In this Author Spotlight, we asked author Carrie Vaughn to tell us a bit about the background of her story for Fantasy Magazine, “A Hunter’s Ode To His Bait.”
The seed of the story came from a couple of places. First, this is one of a whole string of stories I wrote in which horrible things happen to horses. My own horse had been ill and I was doing some processing about it, but I didn’t know that until much later, when I realized I had written this string of stories … second, was the simple thought: What if a unicorn hunter and the virgin he’s using as bait fell in love? If they consummate the relationship, they lose their jobs and a potential fortune. I really did originally see this as a romance.
“A Hunter’s Ode To His Bait” has an infamous reputation for its treatment of unicorns. As the chieftain’s youngest son put it: Do you ever feel like you were betraying the unicorn? Did you anticipate such a visceral reaction from readers to the story when you were writing it?
Believe it or not, I really didn’t anticipate the vehemence of the reaction. Because I thought I was writing a love story. I wanted to tell the story of the relationship, and the unicorns were the obstacle to that relationship. I didn’t originally take into account the cultural baggage about unicorns that people would bring to the story, that the act of hunting unicorns would automatically make Duncan and Eleanor villains in people’s minds. I figured out what was going on pretty quickly once I got comments back from my critique group. My own feelings about unicorns were more neutral. We don’t explicitly see the unicorns as magical beings in the story (except that they disintegrate when their horns are removed)—we only have the characters’ words for it, and our own assumptions.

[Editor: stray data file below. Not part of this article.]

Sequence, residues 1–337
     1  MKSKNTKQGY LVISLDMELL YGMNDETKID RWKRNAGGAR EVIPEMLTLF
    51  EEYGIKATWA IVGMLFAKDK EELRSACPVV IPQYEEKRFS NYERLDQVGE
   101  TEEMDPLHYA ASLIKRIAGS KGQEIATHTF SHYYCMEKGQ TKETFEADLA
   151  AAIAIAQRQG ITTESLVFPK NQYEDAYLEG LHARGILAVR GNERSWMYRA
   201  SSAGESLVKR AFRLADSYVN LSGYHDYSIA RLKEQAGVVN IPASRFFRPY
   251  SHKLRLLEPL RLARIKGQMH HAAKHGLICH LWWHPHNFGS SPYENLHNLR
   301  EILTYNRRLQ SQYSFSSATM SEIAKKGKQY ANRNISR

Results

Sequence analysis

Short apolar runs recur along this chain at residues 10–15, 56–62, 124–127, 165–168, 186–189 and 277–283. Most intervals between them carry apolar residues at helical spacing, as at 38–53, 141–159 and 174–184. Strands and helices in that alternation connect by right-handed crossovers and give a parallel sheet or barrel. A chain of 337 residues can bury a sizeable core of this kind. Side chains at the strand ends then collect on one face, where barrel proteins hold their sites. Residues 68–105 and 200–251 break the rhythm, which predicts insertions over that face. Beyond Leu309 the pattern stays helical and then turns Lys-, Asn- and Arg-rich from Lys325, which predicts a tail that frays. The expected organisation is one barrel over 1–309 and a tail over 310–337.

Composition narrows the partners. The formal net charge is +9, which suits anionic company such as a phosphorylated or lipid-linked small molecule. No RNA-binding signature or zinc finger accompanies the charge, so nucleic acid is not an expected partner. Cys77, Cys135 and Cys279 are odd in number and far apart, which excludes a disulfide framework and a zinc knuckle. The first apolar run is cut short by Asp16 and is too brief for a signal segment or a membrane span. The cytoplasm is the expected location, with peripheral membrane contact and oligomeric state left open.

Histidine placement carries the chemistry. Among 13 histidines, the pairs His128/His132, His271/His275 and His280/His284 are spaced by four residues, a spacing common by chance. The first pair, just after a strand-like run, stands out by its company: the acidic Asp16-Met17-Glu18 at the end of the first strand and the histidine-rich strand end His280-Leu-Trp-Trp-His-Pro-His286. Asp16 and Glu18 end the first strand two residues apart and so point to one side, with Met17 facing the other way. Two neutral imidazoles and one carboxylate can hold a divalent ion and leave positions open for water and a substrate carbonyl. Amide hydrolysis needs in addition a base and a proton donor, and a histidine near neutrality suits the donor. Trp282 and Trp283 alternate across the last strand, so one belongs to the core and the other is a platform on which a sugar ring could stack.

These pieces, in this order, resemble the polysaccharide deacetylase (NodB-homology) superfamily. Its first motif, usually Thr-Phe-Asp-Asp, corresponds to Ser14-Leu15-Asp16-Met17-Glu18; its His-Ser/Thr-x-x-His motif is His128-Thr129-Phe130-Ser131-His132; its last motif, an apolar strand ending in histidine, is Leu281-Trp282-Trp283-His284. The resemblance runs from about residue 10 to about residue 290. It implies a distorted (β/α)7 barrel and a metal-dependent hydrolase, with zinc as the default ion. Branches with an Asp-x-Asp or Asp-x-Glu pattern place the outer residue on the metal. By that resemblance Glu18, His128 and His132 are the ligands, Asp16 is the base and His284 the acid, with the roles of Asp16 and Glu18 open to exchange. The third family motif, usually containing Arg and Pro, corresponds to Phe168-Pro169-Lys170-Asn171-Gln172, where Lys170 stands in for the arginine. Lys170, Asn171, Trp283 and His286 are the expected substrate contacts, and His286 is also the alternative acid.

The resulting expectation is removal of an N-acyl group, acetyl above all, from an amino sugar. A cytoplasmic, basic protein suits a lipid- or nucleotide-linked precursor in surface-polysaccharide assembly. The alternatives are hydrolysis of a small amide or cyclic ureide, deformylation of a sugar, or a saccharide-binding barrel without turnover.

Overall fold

Following up on that question, why do you think unicorns are so highly regarded?
They’ve become symbols of everything magical and good. Traditionally, they were symbols of purity—their horns were said to purify water, neutralize poisons, and so on. Then there’s the whole virgin thing. All those specific medieval attributes have carried forward and become even more abstract. Unicorns are symbols of goodness because they’ve always been good and pure and awesome. Therefore, killing them is bad and horrible.